Chemical company fined £14,000 after fire at Yorkshire industrial estate

The aftermath of the fire
The aftermath of the fire
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A chemical firm has been sentenced for health and safety breaches after a fire at their premises in Pocklington.

Representatives of LMA Services Ltd appeared at Leeds Magistrates Court over the fire on the Pocklington industrial estate in June 2016.

A warehouse owned by the firm was destroyed after a worker dropped a can of the highly flammable liquid heptane while he was filling it from a larger container. He left the building and raised the alarm, but the fire quickly spread and also damaged an adjacent warehouse and the storage area between them.

An investigation by the Health and Safety Executive (HSE) found that the process involved placing a bulk container of heptane onto racking at a height of about 1.5m. A table was then positioned beneath the bulk container onto which a small electrical weighing scale was positioned. Metal cans were placed onto the scale and an employee filled the cans by weight by manually operating a tap on the bulk container in the warehouse building.

A flammable vapour created during the process came into contact with an ignition source causing the vapour to ignite. HSE’s investigation found that the most likely source of ignition was a spark from the electrical weighing scales.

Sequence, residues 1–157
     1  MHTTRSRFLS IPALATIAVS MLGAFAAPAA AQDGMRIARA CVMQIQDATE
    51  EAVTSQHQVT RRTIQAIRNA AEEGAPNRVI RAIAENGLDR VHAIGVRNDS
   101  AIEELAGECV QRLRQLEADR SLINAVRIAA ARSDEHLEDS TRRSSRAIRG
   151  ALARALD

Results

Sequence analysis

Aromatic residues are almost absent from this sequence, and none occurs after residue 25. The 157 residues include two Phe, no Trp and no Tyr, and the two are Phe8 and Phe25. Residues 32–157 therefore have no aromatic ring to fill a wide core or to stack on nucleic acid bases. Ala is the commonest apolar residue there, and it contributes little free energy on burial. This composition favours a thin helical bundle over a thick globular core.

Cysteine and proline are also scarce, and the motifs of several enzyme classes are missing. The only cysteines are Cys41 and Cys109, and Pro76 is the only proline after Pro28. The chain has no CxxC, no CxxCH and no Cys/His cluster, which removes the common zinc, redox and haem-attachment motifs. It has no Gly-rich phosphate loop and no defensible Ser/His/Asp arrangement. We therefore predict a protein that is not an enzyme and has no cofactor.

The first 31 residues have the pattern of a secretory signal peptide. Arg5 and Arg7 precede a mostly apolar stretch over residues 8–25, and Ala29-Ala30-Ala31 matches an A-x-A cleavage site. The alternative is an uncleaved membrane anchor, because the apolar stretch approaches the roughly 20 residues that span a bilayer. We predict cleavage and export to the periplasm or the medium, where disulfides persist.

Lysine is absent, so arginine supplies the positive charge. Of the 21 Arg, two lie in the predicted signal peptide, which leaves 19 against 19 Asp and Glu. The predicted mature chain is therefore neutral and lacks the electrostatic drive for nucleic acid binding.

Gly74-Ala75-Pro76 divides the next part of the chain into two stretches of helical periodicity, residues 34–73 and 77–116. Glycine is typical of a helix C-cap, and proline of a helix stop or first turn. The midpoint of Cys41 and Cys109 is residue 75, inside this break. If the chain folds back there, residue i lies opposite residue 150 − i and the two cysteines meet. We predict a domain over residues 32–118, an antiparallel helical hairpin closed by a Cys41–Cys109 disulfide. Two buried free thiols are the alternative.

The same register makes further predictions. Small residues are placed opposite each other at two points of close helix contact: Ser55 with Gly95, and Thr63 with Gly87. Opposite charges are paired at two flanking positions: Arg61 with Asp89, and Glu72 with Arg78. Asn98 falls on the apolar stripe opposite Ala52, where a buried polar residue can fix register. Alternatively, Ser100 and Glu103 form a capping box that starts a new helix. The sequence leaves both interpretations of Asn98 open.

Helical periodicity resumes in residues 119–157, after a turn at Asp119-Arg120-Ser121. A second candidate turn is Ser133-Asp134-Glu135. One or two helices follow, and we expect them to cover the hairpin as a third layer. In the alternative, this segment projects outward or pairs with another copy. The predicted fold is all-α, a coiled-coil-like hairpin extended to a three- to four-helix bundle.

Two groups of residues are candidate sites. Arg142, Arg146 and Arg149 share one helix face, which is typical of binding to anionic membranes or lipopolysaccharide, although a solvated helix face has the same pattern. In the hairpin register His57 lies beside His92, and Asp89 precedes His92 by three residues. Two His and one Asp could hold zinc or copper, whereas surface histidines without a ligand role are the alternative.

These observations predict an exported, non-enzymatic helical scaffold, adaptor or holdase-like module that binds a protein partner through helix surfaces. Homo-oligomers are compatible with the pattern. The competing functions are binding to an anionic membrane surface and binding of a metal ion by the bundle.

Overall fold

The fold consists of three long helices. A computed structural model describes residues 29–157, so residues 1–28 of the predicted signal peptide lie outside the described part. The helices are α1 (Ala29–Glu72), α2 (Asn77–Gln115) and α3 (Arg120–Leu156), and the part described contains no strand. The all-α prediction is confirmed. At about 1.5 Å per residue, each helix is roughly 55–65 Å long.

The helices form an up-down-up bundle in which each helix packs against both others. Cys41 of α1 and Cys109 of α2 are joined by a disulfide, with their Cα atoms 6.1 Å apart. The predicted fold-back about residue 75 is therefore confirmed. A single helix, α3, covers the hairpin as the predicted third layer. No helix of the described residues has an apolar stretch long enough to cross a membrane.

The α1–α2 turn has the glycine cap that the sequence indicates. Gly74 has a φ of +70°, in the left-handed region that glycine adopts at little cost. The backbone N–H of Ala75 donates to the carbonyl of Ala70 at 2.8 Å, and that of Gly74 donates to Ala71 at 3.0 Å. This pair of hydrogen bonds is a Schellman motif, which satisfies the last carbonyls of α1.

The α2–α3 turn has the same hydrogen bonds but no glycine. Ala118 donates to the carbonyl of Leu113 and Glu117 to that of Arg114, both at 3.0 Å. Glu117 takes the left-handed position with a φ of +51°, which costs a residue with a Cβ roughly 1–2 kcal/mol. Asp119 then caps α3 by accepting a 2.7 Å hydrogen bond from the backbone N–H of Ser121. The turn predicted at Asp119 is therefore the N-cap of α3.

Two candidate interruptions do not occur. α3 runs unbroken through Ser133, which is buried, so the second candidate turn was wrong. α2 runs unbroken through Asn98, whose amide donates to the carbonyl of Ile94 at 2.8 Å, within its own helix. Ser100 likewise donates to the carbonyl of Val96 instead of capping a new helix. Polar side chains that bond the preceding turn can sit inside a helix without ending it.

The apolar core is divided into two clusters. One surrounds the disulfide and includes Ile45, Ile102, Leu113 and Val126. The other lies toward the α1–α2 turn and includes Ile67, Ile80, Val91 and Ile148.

LMA Services Ltd of Halifax Way, Pocklington pleaded guilty to breaching Regulation 6 (3) of the Dangerous Substances and Explosive Atmospheres Regulations 2002.

The company has been fined £14,000 and ordered to pay £2,377 in costs.

After the hearing, HSE inspector Dave Stewart said:

“The risks associated with the decanting operation were not fully understood by the company. There were potential ignition sources present within the area where a flammable vapour was likely to occur.

“This case highlights the importance of assessing risks associated with flammable atmospheres. Employers should ensure that adequate measures are taken to reduce the formation of flammable atmospheres so far as is reasonably practicable, and to ensure that only suitable electrical equipment is used in areas where a flammable atmosphere may be present.”